“Hi Cloud Boy, This time of year the fairies are very busy helping the birds build their nests. Many of the birds, like Mr. Robin here, have come from the far southern lands where it never gets quite as cold as it does here. When they return, they need to build their nests quickly and be ready for their April broods of baby birds. Would you like to come with me and help the robins find their nesting materials?” she asked.
“Yes, I would love to help!” said the Cloud Boy excitedly. Anthea asked him if he had any spare wool from his sheep, and together they collected bits of fleece that had gotten caught on bushes and thorny hedges near the sheep’s pasture and paths. Then he followed Mr. Robin, who flew as slowly as he could, to a wooded area surrounding a park where the lawn was short and green and the robins always found good worms.
Some fairies were fluttering in and out, bringing bits of fleece and flax, and other fairies had their tiny spinning wheels at the ready to make bits of twine and yarn. Other fairies were looking for good, longish pieces of dried grass and hay and building a pile of them beside the spinners. And still other fairies were gathering water in tiny buckets, and pouring it all into a huge puddle they had made, for the robins to use should they need to add a bit of “mortar”, or mud, the make the nest stronger.
The papa robins chose the nesting sites. They made sure they were not too close to another robin’s nesting territory- robins need privacy when doing such delicate things as raising a family! They checked to be sure no cats lived nearby, for they were quite afraid of cats. It was the mama robins who did the actual building, and they were very picky about what materials they used. It took them five or six days to build their home. In the meantime, the papa robins began to scout out the best worm hunting grounds, for very soon their days would be filled with bringing worms back to a very hungry family. Mama would not leave the nest, as she needed to keep her eggs and her new hatchlings warm for a while. Everyone would be very hungry!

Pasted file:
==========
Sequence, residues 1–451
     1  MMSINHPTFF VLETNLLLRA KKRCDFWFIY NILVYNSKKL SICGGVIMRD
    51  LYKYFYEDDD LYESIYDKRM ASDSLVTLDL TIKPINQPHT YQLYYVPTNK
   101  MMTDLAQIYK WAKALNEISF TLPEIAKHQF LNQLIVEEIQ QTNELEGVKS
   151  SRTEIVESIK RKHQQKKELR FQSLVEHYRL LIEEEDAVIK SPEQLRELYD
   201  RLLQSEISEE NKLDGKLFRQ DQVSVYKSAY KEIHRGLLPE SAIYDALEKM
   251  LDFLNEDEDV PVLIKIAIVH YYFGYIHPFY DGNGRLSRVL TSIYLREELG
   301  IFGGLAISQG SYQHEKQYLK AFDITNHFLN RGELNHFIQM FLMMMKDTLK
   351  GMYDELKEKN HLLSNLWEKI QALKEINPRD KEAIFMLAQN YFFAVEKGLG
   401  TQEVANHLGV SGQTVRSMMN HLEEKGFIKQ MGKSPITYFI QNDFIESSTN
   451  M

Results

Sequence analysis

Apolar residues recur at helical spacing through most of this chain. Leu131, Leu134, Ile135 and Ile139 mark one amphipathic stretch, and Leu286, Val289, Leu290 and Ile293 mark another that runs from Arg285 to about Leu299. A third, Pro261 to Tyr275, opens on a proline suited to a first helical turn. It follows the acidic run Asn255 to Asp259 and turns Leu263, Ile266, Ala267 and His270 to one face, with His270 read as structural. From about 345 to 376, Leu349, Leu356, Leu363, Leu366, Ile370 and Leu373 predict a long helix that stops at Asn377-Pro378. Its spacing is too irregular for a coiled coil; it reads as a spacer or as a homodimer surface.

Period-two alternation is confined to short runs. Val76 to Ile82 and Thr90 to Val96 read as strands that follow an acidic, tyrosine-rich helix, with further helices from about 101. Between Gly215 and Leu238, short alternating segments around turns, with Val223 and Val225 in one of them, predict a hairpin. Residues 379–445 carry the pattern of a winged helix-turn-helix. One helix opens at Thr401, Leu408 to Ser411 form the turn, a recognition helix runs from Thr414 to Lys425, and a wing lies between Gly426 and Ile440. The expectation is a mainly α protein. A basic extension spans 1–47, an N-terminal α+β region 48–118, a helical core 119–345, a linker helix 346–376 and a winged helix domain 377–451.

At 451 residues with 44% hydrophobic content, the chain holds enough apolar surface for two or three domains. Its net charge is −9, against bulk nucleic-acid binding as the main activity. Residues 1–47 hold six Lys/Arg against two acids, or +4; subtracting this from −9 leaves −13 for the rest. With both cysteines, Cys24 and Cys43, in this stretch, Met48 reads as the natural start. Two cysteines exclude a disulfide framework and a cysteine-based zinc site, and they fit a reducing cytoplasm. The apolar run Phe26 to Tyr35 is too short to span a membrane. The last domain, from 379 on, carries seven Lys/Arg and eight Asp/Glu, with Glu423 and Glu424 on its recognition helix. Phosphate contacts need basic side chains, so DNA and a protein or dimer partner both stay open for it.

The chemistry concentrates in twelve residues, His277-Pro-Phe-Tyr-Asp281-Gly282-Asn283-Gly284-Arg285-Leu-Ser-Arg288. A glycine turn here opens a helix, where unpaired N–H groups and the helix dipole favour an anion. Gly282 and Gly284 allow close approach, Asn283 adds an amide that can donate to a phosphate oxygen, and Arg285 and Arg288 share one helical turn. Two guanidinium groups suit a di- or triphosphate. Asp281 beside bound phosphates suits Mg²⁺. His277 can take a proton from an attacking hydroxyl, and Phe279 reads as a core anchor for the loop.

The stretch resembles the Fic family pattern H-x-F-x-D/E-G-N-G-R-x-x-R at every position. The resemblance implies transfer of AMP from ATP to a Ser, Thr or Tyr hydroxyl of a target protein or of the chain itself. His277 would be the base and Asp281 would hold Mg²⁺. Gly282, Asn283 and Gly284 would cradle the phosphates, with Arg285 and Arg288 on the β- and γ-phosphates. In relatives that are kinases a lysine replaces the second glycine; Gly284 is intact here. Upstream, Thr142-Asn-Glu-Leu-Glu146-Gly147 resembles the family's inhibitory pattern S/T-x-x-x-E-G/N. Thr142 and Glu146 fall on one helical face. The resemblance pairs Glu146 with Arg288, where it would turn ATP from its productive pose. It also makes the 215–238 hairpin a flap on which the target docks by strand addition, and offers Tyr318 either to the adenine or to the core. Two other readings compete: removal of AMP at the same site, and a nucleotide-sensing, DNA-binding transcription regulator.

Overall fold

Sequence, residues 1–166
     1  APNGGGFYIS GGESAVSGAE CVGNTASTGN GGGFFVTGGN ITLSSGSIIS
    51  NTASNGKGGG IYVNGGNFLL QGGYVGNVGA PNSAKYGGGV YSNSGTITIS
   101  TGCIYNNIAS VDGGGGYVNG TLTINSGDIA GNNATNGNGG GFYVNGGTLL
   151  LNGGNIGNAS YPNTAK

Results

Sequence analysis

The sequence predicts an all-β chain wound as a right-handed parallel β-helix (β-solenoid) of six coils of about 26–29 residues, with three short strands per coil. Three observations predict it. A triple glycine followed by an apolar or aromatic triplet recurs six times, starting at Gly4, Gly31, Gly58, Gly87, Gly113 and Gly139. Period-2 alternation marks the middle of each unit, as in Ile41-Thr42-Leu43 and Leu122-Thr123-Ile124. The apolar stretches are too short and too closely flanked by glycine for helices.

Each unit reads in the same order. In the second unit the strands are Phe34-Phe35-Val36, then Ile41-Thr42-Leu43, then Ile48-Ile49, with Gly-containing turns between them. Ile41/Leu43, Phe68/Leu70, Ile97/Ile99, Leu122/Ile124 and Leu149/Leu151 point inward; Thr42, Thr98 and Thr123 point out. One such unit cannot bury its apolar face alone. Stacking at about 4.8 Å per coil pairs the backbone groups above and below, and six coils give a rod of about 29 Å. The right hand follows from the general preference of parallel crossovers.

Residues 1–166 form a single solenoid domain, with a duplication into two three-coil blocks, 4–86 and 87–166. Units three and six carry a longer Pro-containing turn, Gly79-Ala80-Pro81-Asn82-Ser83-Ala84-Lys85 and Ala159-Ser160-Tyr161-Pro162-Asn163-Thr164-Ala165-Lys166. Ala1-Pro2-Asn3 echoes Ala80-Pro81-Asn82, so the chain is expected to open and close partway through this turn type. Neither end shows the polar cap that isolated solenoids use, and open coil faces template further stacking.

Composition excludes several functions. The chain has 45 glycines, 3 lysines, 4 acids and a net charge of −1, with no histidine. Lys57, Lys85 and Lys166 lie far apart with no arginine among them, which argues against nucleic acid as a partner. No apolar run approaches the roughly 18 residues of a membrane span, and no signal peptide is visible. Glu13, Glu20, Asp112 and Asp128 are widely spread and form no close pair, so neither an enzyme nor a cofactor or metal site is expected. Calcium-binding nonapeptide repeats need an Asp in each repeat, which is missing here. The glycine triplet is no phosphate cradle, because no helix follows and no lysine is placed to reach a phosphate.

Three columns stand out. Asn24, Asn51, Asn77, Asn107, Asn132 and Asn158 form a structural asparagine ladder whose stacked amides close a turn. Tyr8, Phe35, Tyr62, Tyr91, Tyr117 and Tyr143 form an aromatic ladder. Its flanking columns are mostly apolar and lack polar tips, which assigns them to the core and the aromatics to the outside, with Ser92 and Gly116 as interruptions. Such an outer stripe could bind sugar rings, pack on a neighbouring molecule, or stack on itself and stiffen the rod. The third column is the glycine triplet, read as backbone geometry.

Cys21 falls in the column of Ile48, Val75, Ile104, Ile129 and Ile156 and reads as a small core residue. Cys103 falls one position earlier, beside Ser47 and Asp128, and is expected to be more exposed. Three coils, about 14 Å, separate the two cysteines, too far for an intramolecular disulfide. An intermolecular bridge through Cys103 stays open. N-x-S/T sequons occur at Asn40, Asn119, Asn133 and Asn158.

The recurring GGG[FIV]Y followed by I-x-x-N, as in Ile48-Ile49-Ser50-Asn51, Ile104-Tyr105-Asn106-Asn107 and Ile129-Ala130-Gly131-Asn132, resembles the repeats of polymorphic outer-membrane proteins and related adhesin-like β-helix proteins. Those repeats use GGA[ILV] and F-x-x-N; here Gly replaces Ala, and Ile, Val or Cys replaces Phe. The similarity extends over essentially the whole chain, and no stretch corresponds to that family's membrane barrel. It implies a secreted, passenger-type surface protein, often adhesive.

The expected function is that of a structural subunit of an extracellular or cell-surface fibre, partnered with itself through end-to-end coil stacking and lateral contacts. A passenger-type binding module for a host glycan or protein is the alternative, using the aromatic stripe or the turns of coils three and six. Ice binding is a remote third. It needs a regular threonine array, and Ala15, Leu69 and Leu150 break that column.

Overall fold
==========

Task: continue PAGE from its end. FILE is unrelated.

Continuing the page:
“How long will your babies be in the nest?” the Cloud Boy asked a mama robin as he brought her some freshly spun linen yarn from the flax-spinning fairies.
“Oh, fifteen or sixteen days at most, and then it will be time to think of another brood. We robins are very busy birds you know, and sometimes we raise three sets of hatchlings, usually about four eggs each time!” she said proudly. “And our eggs… they are the most beautiful blue you’ve ever seen! Like the color of the sky on a beautiful sunny day.”
The Cloud Boy helped the robins and the fairies for several more days, until the nests were all built. To thank them for their help, the robins promised to perform concerts for the fairies every morning and evening- to wake them up in the morning, and to lull them to sleep at night. If you listen closely at dawn or dusk, you will hear them singing…
While we are learning about birds, we have been using The Young Birder’s Guide. We gave it to my son as a Christmas present when he was five, and he loves it.
Today, we plan to make a giant “nests” using sticks, yarn, grass, and hay, for all of us to sit in and imagine how the babies feel in their nest. Then we will use play silk “wings” when they are ready to fly out! I’ll post some pictures soon. In the meantime, if you’re looking for some outdoor spring activity inspiration, head on over to the Waldorf Connection blog where I am honored to be a guest poster for Donna Ashton, and check out the Gnome Mudpie Restaurant we made recently! Last year I did a Spring Equinox Giveaway, and this year I am also hosting a giveaway on Donna’s blog, for these lovely fingerpuppet dolls- so be sure visit her blog (and in addition to the three ways I offered to enter the giveaway, you can share on facebook for another chance… let’s spread the word!).